Many athletes have suggested that Martin needed to “man up” and put an end to the bullying himself, while others have shown support for Martin, and disdain for Incognito’s actions. It all has placed the culture surrounding the NFL under a microscope, and forced everyone to take a long hard look at the type of mentality we’re fostering among athletes throughout the sport.
Grantland has a particularly interesting take on the situation, which is definitely worth a read. And MMBQ published a fascinating piece by former Dolphins lineman Lydon Murtha, which gives an insider’s perspective on just what exactly went down in Miami. In it, Murtha points out that Dolphins players were instructed by coaches to bring Martin out of his shell and toughen him up … essentially, the NFL’s version of ordering a Code Red from A Few Good Men.
Bears WR Brandon Marshall is a particularly thoughtful NFL player, who has been remarkably candid about his own struggles with mental illness, and has actively tried to draw attention to the importance of mental health in our society, and in the sport of football. Marshall also spent a two years with the Dolphins and Incognito (from 2010-2011), so it should come as no surprise that he provided some of the more insightful commentary on the Martin/Incognito situation earlier this week.
MORE, INCLUDING VIDEO AFTER THE JUMP
In case you missed it last night, Bengals rookie sensation Giovani Bernard scored the most impressive TD run of the year, with his remarkable Barry Sanders-esque 35-yard scamper.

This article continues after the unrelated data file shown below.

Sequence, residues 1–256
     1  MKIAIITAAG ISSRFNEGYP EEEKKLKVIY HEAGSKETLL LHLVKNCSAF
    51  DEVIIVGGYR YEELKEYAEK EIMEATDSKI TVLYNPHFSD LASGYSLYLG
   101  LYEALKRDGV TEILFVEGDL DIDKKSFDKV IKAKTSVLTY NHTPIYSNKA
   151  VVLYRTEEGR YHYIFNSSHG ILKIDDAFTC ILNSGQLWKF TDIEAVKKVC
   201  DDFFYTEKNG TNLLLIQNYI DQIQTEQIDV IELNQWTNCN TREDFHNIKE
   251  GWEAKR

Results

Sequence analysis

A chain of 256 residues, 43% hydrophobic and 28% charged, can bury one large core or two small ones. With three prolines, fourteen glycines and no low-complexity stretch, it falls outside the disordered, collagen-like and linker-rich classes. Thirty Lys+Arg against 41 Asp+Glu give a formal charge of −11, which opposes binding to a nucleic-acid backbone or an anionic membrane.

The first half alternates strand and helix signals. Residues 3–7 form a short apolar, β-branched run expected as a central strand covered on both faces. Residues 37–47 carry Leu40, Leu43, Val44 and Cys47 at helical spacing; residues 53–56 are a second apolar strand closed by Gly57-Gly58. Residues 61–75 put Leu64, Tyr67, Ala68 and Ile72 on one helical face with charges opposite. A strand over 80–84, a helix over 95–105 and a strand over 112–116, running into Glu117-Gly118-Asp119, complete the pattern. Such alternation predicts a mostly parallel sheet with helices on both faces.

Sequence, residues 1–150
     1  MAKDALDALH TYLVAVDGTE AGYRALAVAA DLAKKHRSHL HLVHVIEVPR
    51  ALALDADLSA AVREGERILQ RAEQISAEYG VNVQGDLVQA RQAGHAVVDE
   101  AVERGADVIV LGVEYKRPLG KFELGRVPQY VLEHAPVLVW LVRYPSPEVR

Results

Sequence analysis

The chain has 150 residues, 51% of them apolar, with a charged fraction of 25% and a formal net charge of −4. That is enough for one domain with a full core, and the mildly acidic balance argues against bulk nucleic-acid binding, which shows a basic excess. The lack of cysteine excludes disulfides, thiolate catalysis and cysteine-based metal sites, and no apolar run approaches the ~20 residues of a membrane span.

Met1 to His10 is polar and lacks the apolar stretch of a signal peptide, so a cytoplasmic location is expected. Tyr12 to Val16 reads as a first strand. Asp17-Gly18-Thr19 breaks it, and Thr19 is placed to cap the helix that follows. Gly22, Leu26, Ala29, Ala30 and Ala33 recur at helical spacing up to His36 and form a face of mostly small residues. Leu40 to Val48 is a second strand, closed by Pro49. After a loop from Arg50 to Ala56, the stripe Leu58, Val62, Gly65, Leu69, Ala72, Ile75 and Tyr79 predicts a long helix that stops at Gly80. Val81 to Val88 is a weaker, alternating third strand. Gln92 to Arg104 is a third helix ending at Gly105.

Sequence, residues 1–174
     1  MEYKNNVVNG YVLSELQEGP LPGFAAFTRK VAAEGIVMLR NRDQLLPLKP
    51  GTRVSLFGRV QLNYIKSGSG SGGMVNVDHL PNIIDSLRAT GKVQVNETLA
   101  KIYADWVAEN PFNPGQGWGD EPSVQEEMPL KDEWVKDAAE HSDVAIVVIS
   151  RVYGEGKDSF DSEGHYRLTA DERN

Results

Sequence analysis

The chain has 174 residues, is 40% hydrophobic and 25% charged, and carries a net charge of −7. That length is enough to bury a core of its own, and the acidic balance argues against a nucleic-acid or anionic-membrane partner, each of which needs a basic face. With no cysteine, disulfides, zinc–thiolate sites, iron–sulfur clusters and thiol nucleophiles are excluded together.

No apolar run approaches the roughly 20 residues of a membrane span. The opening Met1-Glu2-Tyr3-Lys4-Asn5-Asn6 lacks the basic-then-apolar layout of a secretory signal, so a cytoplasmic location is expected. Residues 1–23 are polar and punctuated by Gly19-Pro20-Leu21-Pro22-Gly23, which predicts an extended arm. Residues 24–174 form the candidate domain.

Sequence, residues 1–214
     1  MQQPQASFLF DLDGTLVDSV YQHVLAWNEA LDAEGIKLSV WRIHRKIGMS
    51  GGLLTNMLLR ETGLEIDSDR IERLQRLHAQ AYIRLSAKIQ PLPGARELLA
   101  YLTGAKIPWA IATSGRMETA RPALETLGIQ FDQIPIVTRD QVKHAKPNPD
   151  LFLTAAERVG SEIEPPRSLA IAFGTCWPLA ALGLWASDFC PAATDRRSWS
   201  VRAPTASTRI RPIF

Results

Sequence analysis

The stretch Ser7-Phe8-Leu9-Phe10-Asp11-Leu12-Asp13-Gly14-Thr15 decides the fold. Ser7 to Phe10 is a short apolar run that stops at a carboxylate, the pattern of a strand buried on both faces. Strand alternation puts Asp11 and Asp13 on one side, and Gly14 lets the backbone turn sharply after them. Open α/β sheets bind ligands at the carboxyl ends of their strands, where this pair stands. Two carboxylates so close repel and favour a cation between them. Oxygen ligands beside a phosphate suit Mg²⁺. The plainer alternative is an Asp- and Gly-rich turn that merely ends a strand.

On the play, Bernard took the pitch from Andy Dalton, then reversed field after being seemingly trapped by two defenders in the backfield, and somehow evaded everyone in a Dolphins uniform on his way to the endzone.
It was pretty incredible, and is worth watching over and over, in glorious GIF format:
Here’s the video of the play, and below is another GIF, from a different angle:
Perhaps the most important piece of investigative journalism about the NFL in recent history – Frontline’s 2-hour documentary, “League of Denial” - will premiere tonight on your local PBS station.
Based on the book of the same name by ESPN reporters Mark Fainaru-Wada and Steve Fainaru, the piece takes an in-depth look at the impact of head trauma on the NFL and it’s players. Along the way, it shows how the league – in an effort to protect its multi-billion dollar business - has publicly pretended to care about the link between football and subsequent cumulative brain injury, but in reality has tried to play down the issue, and even gone so far as to cover it up.